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Marco Ugarte, Associated Press
Eva Salazar Sanchez's cattle graze in a meadow near the Altiplano maximum security prison, seen in the background, in Almoloya, west of Mexico City, Monday, July 13, 2015. A widespread manhunt that included highway checkpoints, stepped up border security and closure of an international airport failed to turn up any trace of Mexican drug kingpin Joaquin "El Chapo" Guzman by Monday, more than 24 hours after he escaped through an underground tunnel leading from his Altiplano prison cell's shower area.

WASHINGTON — U.S. drug authorities knew Mexican drug kingpin Joaquin "El Chapo" Guzman and his associates had developed several escape plans starting almost immediately after his arrest last year, according to internal Drug Enforcement Administration documents obtained by The Associated Press.

The internal DEA documents reveal that drug agents first got information on escape plans in March 2014, about a month after Guzman was captured in the seaside resort town of Mazatlan, Mexico.

Immediately after Guzman's arrest, which was considered a crowning achievement of Mexican President Enrique Pena Nieto's government in its war against drug cartels, various Guzman family members and drug-world associates were considering "potential operations to free Guzman," the documents show. The agency notified Mexican authorities about the plots.

In the documents, Guzman is identified by Guzman-Loera.

DEA agents did not have information about Saturday night's plan, when Guzman escaped through an underground tunnel in his prison cell's shower area, allegedly built without the detection of authorities. It allowed Guzman to do what Mexican officials promised would never happen after his re-capture last year — slip out of one of the country's most secure penitentiaries for the second time.

In March 2014 agents in Los Angeles reported a possible escape operation funded by another drug organization run under the auspices of Guzman's Sinaloa Cartel. That plot involved threatening or bribing prison officials. That July, the same investigation revealed that Guzman's son had sent a team of lawyers and military counter-intelligence personnel to design a break-out plan.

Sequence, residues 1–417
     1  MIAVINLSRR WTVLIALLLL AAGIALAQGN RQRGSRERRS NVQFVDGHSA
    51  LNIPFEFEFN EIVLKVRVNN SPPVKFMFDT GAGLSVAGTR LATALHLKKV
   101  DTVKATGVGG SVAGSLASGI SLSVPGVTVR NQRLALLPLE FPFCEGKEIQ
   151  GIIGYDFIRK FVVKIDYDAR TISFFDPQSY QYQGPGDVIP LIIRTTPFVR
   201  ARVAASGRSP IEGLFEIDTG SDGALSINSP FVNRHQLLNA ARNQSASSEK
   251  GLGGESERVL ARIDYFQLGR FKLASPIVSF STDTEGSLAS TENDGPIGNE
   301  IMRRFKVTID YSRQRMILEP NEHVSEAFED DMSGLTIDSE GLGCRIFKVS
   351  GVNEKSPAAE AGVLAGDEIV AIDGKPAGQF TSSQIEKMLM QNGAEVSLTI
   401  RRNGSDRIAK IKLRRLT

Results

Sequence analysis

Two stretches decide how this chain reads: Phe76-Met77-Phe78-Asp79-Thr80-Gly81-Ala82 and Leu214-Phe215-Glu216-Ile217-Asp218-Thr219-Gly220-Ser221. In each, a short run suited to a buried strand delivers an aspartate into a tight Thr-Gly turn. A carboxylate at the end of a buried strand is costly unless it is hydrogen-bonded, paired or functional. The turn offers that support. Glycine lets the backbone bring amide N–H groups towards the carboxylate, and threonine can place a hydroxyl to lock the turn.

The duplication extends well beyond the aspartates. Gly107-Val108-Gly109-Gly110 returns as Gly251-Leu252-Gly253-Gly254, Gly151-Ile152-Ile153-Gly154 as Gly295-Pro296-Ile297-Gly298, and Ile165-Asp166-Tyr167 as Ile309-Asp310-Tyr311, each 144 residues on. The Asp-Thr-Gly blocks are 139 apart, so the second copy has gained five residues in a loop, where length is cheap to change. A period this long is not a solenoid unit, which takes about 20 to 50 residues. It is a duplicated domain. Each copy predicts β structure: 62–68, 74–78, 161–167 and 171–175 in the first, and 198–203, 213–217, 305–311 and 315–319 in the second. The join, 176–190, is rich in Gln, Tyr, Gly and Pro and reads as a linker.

In December of the year, agents in the DEA's Houston Field Division reported that a Mexican army general stated "that a deal was in place to release both Guzman-Loera and imprisoned Los Zetas Cartel leader Miguel Angel 'Z-40' Tevino-Morales."

A widespread manhunt that included highway checkpoints, stepped up border security and closure of an international airport failed to turn up any trace of Guzman by Monday, more than 24 hours after he got away.

The White House said Monday U.S. Attorney General Loretta Lynch spoke with Mexico's attorney general the day after the escape was discovered. White House spokesman Josh Earnest said the U.S. government is offering its full support to Mexico. He's pointing out that Guzman has also been charged with serious crimes in the U.S.

Widely considered the world's richest and most powerful drug trafficker before his capture last year, Guzman slipped down a shaft from his prison cell's shower area late Saturday and disappeared into a sophisticated mile-long (1.5 kilometer-long) tunnel with ventilation, lighting and a motorcycle apparently used to move dirt.

"All the accolades that Mexico has received in their counterdrug efforts will be erased by this one event" if Guzman is not recaptured, said Michael S. Vigil, a retired U.S. Drug Enforcement Administration chief of international operations.

Along with the 2014 escape plans, the DEA documents reveal that Guzman was still directing facets of his drug empire.

"Despite being imprisoned in a 'high security' facility, DEA reporting further indicates Guzman-Loera was able to provide direction to his son and other cartel members via the attorneys who visited (him) in prison and possibly through the use of a cellphone provided...by corrupt prison guards," the documents stated.

Following Guzman's capture, according to the documents, his son Ivan Guzman-Salazar became "the de facto leader of the Guzman branch of the Sinaloa Cartel." Guzman's "right-hand man, Damaso Lopez-Nunez" took over one of the four major trafficking organizations that operated under the auspices of the larger Sinaloa Cartel.

It is "premature to accurately predict" what will now happen to the power structure of the organization, but Guzman's escape likely "will affect current leadership," according to the documents.

Follow Alicia A. Caldwell on Twitter at www.twitter.com/acaldwellap